Note, the above PREIT case study applies to all other listed mall REIT names.

Rising sales PSF

sales PSF MAC The above graph demonstrates a clear trend and record high sales PSF. I will not bore you with graphs from other companies, but will highlight that even the heavily beaten down names such Washington Prime (WPG) are reporting rising sales PSF (WPG sales PSF increased to $410 versus $397 for the same period last year).

This means that tenants are selling and shoppers are spending significant amounts in malls.

Resilient occupancy rates

The following graph is for Tanger (SKT). Empty mall? I don't think so!

SKT The following graph is for Macerich (MAC). Empty mall? I don't think so!

MAC occupancy

The following graph is for Taubman Centers (TCO). Empty mall? I don't think so!

TCO occupancy

I will not bore you with more graphs in general as they show the same thing.

Simon Property (SPG) reported occupancy of 94.4% at June 30, 2019 and positive leasing spreads PSF of 32.3% (I expect this figure to normalize at lower double digit levels). TCO, MAC, PEI, etc posted positive leasing spreads as well. The list goes on...

Malls are less exposed to legacy retail than most people think

One final note is important. In the past, malls used to be pure shopping destinations, predominantly focusing on apparel/fashion retail. Today, malls are morphing into hybrid mixed-use town centers (much of this transformation has already started), with a diverse tenant mix focusing more on service, entertainment, dining, fitness, etc. 'Dying' retailers are constantly being replaced with thriving retailers, and therefore malls are become more resilient and diversified. Today, the tenant mix includes:

  • Restaurants, bars, cafes
  • Grocers/supermarkets
  • value retail (think Five Below)
  • cinemas, live shows, etc
  • bowling, minigolf
  • spas, beauty salons, barber shops
  • escape rooms
  • phone repair shops
  • gyms/fitness centers
  • sports (think soccer 5-a-side, basketball, etc)
  • libraries
  • coworking (think WeWork)
  • Amazon Lockers
  • self-storage
  • casinos

The list goes on...

What's more, mall REITs are also focusing on densification initiatives (multifamily, hotels, etc). For example, they are transforming unproductive land, parking lots and vacant boxes into flats and hotels. These initiatives are expected to further boost traffic.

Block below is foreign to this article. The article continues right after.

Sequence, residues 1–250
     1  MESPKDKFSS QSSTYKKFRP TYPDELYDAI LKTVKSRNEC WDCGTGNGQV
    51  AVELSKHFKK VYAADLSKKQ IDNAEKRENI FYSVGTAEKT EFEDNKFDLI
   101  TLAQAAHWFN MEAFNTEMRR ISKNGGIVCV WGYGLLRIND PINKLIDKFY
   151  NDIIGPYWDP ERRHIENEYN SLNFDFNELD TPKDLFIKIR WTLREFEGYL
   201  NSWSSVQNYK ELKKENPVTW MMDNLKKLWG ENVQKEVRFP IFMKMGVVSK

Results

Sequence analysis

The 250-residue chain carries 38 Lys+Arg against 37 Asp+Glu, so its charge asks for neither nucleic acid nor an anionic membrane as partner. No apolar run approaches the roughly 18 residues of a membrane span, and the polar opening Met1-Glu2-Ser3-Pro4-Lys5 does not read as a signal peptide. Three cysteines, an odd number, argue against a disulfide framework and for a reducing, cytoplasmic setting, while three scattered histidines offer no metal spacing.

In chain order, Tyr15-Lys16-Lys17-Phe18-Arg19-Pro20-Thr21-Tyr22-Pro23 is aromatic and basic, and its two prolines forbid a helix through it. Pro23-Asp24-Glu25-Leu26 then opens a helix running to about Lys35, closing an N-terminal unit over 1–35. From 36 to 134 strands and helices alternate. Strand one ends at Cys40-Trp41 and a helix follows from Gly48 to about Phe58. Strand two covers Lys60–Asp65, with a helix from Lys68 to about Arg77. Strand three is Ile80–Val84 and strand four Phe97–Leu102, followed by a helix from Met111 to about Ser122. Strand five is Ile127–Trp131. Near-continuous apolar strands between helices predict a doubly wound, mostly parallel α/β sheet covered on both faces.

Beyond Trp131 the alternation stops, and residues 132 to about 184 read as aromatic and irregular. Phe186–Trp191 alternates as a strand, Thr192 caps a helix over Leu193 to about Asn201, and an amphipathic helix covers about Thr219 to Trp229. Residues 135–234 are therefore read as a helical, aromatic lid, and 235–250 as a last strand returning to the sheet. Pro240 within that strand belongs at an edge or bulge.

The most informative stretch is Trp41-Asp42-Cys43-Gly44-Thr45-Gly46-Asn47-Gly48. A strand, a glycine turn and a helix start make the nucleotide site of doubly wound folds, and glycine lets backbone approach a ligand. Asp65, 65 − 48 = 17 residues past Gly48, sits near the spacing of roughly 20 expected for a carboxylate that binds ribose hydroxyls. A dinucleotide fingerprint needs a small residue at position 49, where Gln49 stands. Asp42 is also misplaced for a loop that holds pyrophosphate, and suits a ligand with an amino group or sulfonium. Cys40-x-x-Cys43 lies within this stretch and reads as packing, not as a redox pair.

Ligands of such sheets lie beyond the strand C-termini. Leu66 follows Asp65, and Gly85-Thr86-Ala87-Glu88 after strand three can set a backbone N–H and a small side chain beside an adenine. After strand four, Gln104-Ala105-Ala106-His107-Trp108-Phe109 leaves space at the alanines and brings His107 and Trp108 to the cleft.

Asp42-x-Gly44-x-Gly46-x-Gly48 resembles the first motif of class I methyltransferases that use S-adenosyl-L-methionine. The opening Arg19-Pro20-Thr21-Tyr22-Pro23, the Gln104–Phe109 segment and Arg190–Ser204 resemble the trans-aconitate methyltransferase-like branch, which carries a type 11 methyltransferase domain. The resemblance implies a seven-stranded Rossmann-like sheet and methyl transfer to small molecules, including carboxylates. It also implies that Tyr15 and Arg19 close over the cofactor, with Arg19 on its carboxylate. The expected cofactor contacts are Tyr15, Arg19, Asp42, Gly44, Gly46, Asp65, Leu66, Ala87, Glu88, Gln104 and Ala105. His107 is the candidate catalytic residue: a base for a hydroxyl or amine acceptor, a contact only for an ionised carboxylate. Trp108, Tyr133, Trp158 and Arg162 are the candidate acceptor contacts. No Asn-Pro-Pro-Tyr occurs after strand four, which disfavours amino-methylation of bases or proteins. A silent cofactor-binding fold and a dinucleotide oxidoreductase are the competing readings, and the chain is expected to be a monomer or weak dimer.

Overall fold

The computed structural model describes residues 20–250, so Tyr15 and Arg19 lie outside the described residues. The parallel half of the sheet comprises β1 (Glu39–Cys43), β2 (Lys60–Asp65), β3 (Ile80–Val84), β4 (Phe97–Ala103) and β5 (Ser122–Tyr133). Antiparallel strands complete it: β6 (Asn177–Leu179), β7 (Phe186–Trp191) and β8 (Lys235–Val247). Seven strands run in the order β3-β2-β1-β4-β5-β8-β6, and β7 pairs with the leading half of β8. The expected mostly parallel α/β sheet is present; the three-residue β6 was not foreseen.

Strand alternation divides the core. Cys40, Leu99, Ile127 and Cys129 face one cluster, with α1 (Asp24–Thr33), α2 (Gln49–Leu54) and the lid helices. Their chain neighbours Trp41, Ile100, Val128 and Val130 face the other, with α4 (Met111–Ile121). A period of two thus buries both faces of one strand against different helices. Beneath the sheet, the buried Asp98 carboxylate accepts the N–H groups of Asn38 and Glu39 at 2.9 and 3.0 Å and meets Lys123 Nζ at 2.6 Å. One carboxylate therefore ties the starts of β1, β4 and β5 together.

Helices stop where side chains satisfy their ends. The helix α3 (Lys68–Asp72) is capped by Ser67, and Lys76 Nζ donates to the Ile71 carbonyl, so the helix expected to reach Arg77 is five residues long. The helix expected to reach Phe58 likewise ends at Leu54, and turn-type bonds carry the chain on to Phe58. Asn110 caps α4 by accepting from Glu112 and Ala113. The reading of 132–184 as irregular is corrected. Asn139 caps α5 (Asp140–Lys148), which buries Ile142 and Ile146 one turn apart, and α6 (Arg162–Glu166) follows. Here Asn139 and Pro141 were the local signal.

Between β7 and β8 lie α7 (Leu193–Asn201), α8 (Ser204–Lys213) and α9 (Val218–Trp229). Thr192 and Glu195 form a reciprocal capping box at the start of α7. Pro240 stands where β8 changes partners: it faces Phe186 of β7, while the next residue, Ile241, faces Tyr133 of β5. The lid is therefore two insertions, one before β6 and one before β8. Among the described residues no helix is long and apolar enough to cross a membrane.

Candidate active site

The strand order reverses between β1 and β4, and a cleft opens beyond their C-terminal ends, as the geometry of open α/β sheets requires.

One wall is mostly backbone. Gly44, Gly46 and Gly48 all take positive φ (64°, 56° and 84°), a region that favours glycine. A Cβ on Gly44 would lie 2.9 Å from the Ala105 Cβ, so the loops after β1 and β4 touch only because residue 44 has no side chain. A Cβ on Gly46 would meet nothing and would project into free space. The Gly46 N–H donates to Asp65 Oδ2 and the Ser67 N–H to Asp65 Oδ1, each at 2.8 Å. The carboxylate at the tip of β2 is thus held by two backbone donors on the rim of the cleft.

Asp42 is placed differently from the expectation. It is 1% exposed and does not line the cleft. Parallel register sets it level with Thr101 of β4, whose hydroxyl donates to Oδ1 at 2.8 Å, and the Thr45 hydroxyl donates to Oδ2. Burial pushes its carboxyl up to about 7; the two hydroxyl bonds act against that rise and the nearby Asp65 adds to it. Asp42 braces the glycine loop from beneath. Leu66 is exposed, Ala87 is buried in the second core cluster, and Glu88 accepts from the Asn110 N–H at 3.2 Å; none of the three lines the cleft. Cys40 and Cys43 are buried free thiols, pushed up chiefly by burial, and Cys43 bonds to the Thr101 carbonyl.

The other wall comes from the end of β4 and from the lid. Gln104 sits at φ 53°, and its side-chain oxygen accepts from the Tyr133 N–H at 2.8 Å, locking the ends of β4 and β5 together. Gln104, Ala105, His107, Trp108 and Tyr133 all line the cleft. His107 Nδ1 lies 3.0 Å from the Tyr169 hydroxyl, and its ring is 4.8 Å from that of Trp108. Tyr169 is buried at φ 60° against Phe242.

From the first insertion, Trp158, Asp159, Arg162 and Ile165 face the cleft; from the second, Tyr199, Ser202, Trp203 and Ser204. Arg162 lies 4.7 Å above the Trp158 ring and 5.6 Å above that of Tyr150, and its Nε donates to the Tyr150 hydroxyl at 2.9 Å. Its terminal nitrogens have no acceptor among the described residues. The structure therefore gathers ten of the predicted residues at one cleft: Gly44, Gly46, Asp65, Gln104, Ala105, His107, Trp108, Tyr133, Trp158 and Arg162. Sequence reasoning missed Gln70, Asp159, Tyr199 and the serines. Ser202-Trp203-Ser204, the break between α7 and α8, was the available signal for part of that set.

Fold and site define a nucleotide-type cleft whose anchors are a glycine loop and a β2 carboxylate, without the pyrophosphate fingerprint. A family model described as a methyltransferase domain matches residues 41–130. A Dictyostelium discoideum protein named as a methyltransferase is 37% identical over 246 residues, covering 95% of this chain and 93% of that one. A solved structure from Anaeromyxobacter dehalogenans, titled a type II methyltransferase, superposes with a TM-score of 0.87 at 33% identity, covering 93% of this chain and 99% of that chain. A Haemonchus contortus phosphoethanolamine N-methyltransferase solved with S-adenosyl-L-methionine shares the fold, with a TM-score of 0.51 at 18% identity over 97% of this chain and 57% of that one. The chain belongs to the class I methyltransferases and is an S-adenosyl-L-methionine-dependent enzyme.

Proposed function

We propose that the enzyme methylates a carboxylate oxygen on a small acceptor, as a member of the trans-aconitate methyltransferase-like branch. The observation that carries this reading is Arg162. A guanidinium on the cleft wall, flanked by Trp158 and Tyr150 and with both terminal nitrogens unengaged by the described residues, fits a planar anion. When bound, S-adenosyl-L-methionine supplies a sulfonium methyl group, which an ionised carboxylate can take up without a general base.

In short, if Forever 21 vacates some malls, that is not the end of the world. It is no doubt an inconvenience but nothing more than a short term hiccup. The vacant space will be eventually be released, in many instances at higher rates. However, it is very unlikely that Forever 21 closes down all stores in Chapter 11. Forever 21 will most likely seek to reduce debt and exit leases in unprofitable locations. Many of the profitable stores are situated in thriving malls which belong to the publicly listed REITs (the names discussed above) and not private hands. Forever 21 is not a dying company like Bon Ton and Sears.

In closing, here is a nice table showing some of the positive trends in the space that the mainstream media does not focus on a lot. Clicks-to-bricks retailers are becoming an increasingly large component of malls. For example, the following clicks-to-bricks retailers are part of MAC's portfolio.

MAC clicks-to-bricks

Investing in a mall REIT today means investing in mixed-use urban real estate. Be wary of generalizations and negative headlines in the media. The reality is different than the doom and gloom headlines. This is evidenced by healthy operating metrics and traffic trends as outlined in this article.

Disclosure: I am/we are long PEI. I wrote this article myself, and it expresses my own opinions. I am not receiving compensation for it (other than from Seeking Alpha). I have no business relationship with any company whose stock is mentioned in this article.

Additional disclosure: I am also long MAC, SPG, TCO, BPR, WPG, WPG-I/WPG-H, CBL-D/CBL-E/